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How Chinese Netizens Navigated the Lunar New Year

Despite challenges like packed trains and nosy relatives, young Chinese used creative ways to ensure a peaceful Lunar New Year at home

While the Lunar New Year is mainly a joyous time for family reunions, it can also be stressful for those making the long trek to see relatives. The rush of travel and then the fuss of relatives scrutinizing younger generations’ life choices have long come in for parody on social media.

With record numbers traveling during the holiday this year, commenters online decried being crammed into railway stations “more packed than concert venues (候车大厅流量堪比演唱会 hòuchē dàtīng liúliàng kānbǐ yǎnchànghuì)” but with much less entertainment.

Travel hell is expected around the holiday rush, so many people brought entertainment like playing cards or snacks like sunflower seeds to while away the time. Some were even recorded cooking elaborate meals and brewing tea with a full set of tea utensils on train carriages. Netizens marveled at “the sense of relaxation of Chinese people during the travel rush (中国人民春运的松弛感 Zhōngguó rénmín chūnyùn de sōngchígǎn),” while claiming that “The world is a vast living room (世界是一个巨大的客厅 Shìjiè shì yí gè jùdà de kètīng),” humorously praising people’s ability to stay chill in any difficult environment.

Many urbanites headed back to their home villages for the holiday, or 回村过年 (huícūn guònián), and described stepping into a different world. Former “fashion bloggers (时尚博主 shíshàng bózhǔ)” or “social queens (社交女王 shèjiāo nǚwáng)” immediately reverted to simple village folk wearing the unofficial “rural uniform”—oversized pink cotton pajamas common in towns and villages—gathering firewood and washing dishes.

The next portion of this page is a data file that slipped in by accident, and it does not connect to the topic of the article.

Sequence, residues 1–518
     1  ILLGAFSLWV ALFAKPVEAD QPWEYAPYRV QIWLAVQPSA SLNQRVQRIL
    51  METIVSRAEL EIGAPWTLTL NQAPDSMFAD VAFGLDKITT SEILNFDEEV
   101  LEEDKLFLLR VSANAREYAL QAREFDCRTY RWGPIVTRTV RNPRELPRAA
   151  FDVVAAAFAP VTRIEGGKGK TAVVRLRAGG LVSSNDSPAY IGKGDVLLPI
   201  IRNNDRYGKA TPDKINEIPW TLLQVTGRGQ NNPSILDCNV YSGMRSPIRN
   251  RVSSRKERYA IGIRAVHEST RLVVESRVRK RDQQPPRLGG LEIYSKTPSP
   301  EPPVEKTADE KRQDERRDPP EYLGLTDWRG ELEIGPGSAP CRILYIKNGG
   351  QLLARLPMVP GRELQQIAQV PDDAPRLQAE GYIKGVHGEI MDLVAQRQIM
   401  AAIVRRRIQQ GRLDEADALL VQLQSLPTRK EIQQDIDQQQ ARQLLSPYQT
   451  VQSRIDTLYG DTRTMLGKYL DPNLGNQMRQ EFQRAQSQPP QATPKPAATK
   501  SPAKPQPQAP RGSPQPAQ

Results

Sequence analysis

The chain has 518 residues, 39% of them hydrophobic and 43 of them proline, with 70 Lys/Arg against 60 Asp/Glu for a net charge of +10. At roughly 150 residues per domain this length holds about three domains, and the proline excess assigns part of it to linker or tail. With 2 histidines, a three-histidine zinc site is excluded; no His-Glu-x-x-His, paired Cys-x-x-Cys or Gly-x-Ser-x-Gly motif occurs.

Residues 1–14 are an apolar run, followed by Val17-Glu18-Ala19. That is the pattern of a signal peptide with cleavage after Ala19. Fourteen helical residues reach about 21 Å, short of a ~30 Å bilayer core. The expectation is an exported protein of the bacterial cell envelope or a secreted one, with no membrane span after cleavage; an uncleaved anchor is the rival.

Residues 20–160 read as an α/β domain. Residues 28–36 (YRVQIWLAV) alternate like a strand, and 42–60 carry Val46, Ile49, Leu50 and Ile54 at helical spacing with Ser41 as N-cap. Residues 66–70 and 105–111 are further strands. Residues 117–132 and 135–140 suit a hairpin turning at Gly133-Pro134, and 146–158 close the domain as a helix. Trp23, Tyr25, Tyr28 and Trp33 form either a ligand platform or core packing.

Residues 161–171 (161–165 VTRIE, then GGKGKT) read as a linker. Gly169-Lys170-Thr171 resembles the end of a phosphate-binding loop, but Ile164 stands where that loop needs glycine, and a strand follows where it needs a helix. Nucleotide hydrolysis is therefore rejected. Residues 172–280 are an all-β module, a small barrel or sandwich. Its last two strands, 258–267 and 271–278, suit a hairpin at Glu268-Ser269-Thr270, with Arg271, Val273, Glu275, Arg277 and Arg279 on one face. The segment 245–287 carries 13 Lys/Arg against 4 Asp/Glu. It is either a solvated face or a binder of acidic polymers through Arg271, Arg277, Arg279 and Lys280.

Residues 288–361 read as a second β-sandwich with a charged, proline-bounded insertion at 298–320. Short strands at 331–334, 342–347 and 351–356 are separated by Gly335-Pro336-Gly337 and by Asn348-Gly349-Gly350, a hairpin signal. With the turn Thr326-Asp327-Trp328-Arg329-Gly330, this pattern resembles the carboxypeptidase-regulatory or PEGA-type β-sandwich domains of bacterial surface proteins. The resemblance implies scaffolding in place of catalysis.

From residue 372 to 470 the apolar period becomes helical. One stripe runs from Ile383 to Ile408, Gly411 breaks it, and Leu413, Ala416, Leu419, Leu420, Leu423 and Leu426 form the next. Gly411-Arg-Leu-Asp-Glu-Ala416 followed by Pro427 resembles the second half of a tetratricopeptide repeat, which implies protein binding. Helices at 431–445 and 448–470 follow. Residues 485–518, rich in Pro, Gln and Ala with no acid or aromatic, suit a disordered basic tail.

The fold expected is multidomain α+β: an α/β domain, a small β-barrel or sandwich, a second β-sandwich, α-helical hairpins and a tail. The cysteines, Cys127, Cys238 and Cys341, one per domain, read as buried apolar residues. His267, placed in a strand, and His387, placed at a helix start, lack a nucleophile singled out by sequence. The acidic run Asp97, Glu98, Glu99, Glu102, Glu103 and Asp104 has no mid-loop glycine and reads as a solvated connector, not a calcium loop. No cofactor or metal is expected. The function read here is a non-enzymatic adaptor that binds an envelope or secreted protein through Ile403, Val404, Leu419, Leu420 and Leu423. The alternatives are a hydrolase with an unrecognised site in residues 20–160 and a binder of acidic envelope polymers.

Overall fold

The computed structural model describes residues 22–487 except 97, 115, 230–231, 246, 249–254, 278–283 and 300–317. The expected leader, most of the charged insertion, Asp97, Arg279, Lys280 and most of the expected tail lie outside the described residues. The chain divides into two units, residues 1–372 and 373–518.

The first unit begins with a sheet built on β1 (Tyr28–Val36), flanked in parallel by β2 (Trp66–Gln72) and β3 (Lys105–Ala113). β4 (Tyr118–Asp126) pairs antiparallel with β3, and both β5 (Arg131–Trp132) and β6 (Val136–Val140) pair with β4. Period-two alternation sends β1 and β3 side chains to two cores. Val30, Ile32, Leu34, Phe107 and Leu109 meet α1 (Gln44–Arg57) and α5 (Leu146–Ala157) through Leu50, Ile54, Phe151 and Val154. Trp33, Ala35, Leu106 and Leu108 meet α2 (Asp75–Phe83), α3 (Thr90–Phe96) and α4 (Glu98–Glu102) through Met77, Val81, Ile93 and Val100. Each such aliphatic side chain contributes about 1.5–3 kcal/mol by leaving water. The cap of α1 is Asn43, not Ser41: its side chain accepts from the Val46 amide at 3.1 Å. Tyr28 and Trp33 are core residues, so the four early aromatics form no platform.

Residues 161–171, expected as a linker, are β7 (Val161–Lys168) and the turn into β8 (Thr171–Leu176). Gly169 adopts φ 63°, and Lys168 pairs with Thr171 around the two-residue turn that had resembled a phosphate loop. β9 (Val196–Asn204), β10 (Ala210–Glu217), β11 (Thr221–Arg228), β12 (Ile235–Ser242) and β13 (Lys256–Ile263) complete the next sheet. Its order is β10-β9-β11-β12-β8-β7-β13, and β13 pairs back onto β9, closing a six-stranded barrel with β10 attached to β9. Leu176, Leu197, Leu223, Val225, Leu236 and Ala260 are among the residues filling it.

However, the holiday season isn’t all chill vibes. It can also become a hotbed for conflicts, especially when old traditions encounter new generations. The hashtag “Quarrel during the Lunar New Year (过年吵架 guònián chǎojià)” trended on the microblogging platform Weibo during the holiday, with many venting online that verbal disputes have become a special holiday tradition in their family over the years. How to cook the traditional reunion dinner, which side of the family to visit first, and how much 压岁钱 (yāsuìqián, lucky money) to stuff into red envelopes as gifts are all regular disputes.

The pressure to marry and have children (催婚催生 cuīhūn cuīshēng) is one of the most common sources of conflict, especially for women, during family gatherings. The tradition of “visiting relatives (走亲戚 zǒu qīnqi)” during the holiday means young people have no escape from “older generations (长辈 zhǎngbèi)” keen to bombard them with questions about every detail of their lives.

Exhausted by the nagging, netizens are taking to social media to share new “crazy tactics for handling questions from relatives (应付亲戚的发癫话术 yìngfu qīnqi de fādiān huàshù).” When asked, “How much do you earn in a month (一个月赚多少 Yí gè yuè zhuàn duōshao)?” they quip, “Not much, less than a hundred million yuan (没多少, 不到一亿 Méi duōshao, búdào yíyì).”

Meanwhile, they suggest answering “What job do you do (做什么工作的 Zuò shénme gōngzuò de)?” with “I just try to bravely be myself out there (在外面勇敢做自己 Zài wàimiàn yǒnggǎn zuò zìjǐ).” The golden rule is to “answer every question without actually answering (句句有回应,事事没着落 jùjù yǒu huíyìng, shìshì méi zhuóluò).”

A new motto for those subjected to unwanted questions during the holiday has emerged online: “Whoever advises me to get married, I’ll urge them to get divorced; if you ask about my salary, I’ll ask about your child’s grades. Give as good as you get. (谁劝我结婚,我劝谁离婚;你问我工资多少,我问你小孩成绩,礼尚往来。Shéi quàn wǒ jiéhūn, wǒ quàn shéi líhūn; nǐ wèn wǒ gōngzī duōshao, wǒ wèn nǐ xiǎohái chéngjì, lǐshàngwǎnglái.)”

Yet even though seeing relatives back home can be stressful and full of uncomfortable conversations, many still feel a pang of sadness when they head back to their everyday lives working in the city. “Being back in my rental apartment means I’ll have to pretend to be an adult again (回到出租屋的我:明天又要开始装大人了 Huídào chūzūwū de wǒ: Míngtiān yòu yào kāishǐ zhuāng dàrén le),” they lament online.

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author Zhang Wenjie (张文捷)

Zhang Wenjie is a contributing writer at The World of Chinese. She loves to share the lifestyles, voices, and concerns of China’s Gen Z. She is also fond of collecting and displaying the flourishing slang expressions in the Chinese language.

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